Monday, October 5, 2015


Butter on pudding.  Butter on pie.  Butter in potatoes.  Butter on rice.  Butter in eggs.  Butter on steak. Butter on popcorn.  Butter on crackers.  Everything is better with butter, butter everywhere.

A person has to eat to survive.  Food had became like an addiction, the only acceptable drug for me.    Even at a good weight in college, I came close to becoming bulimic.  Ice cream, cookies and chips or driving through fast food for a hamburger and fries, sometimes everything at once, I would head to a friend's house, eating as much as I could.  When I was stressed, food became my obsession.   Seriously considering bulimia to control the results of my binge eating, I remembered another friend whose sister was dying from this horrible disease.  I chose to keep eating, no matter what.

Even when I was not overweight, the weight issue never stopped being a daily presence in my life, affecting my self-esteem - the way I lived my life.  An expert calorie counter, I carried a paperback with every bit of information about any food, anywhere.  

For years, every special occasion required a prerequisite quick and successful diet in order to enjoy myself.  My mind was wrapped around pounds that were a primary source of my self worth.  I think there are very few women who have not felt this way at some time.

Being pregnant was freedom.  I was not my "ideal" weight but I didn't balloon with extra weight, instead, eating what I needed.  My good eating habits left when I began to suffer post-partum depression.  The urge to binge returned.  I would order a pizza delivery, eating every bite of a large pepperoni, then tearing the pizza box up into little pieces for the trash.  No one knew.  Sneak eating became my new binge method.  At the time, we couldn't afford the pizza and I couldn't afford the carbohydrates.  On and on.  This is just one detail of the path I headed down without control.

After a certain point, I never weighed.  The weight doesn't exist without a number.  Ha.  Every overweight person knows the gig.  A number can be hard to face, especially if it has been such a measure of worth.  My clothes were truthful.  I remember holding up my jeans.  How could all of that space be me?  At this point, I hated having my picture taken.  Now I'm glad I have the pictures to prove where I was in life.  Looking at them, I can hardly believe that is me, my life and mind have changed so much.

It was no secret I was miserable.  No one knew what I was contemplating.  Weeks were spent devising a plan I could live with and still lose weight.  I was very scared to try again.  It was all or nothing.  I told myself I wouldn't live if I failed again.  This had to work.  These wobbly beginnings saved my life. And gave me the experience to share with others.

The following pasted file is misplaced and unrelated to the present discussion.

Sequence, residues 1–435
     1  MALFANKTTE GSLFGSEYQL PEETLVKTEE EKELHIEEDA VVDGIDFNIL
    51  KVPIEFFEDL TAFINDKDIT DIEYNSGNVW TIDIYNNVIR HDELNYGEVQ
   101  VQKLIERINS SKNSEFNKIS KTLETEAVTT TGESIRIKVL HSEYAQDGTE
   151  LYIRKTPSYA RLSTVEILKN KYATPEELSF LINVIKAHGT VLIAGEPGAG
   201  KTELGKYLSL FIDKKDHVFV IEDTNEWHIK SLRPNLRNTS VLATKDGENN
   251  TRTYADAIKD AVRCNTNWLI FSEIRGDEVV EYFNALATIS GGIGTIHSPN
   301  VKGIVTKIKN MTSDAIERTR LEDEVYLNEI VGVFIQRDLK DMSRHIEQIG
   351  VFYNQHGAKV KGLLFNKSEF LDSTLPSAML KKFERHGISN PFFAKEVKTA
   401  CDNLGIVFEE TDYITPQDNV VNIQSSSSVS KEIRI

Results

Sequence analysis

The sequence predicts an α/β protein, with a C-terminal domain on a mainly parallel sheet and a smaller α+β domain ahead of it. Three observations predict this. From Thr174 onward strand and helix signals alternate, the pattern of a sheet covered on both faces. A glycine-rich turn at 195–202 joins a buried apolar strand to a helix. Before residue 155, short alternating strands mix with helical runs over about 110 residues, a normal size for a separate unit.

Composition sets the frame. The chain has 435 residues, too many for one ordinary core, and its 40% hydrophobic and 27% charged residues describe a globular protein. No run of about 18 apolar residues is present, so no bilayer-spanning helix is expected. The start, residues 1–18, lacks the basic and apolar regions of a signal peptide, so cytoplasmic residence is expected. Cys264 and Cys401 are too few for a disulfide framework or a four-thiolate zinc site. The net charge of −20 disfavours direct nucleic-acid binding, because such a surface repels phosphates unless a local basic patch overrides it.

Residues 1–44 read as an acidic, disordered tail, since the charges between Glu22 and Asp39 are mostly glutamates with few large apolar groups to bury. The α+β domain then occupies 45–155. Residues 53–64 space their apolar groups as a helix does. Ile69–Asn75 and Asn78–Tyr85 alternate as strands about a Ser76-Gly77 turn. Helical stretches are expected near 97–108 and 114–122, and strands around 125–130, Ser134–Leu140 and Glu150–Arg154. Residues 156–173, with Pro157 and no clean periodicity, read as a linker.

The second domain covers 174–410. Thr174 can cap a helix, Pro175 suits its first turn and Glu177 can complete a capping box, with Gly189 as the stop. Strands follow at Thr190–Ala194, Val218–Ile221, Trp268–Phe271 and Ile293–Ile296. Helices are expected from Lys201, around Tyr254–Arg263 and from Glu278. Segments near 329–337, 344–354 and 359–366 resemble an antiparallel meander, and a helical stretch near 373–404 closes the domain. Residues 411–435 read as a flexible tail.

Fall 2015
I am not a psychiatrist or a nutrition expert.  While my weight has fluctuated briefly, the majority of my success has lasted for over fifteen years.  I am an expert only in the years it has taken me to arrive at these points of possibility and the freedom they give my life.
Thank goodness for my good bag and good shoes
Woman swallowed by old jeans
 1.   Numbers are not important.  Weight, dress sizes, ounces, calories, deadlines.  I just wanted to lose until I felt better.  This loose goal didn't set me up for failure.

2.   Time is limitless.  I didn't care how long this process would take.  Slow weight loss is easier to keep off.  Life fluctuates.  I have lost over 115 pounds but I'm still a work in progress.  Being "skinny" is in comparison to my old self.  I finally have given myself a goal range.

3.   Live it.  No diets.  They didn't work in the long run.  Making life changes at my own pace brought success.  My first action was to cut out seconds and thirds.  The next week or two I slowed down my eating time.  With each success, a new idea was added to my live it process.  Slow and easy wins the race.

4.   Permission to eat.  Nothing is off limits.  No denial.  This was a huge step for me.  I don't like to be told much of anything, but especially what I can't eat.  Obviously, it had not worked.  Dieting is about denial.  I couldn't live the rest of my life with pre-measured meals or measured points.  I had to learn how to eat again.  Diets had only reinforced my obsession with good and bad foods.  I used to think about food all of the time.  My life is happier because I don't have that obsession.  Now when I see a Butterfinger Candy Bar at the store, I can buy one, if I want.  One candy bar will not break the bank.  No one likes to be denied anything.  This freedom usually satisfies the want and has removed the guilt.  The angst over giving in to "bad" food is gone.  Usually, I decide not to eat the food.  This control is powerful.  And it is true freedom, after years of being tied up in "oh, I shouldn't have." Food is not bad.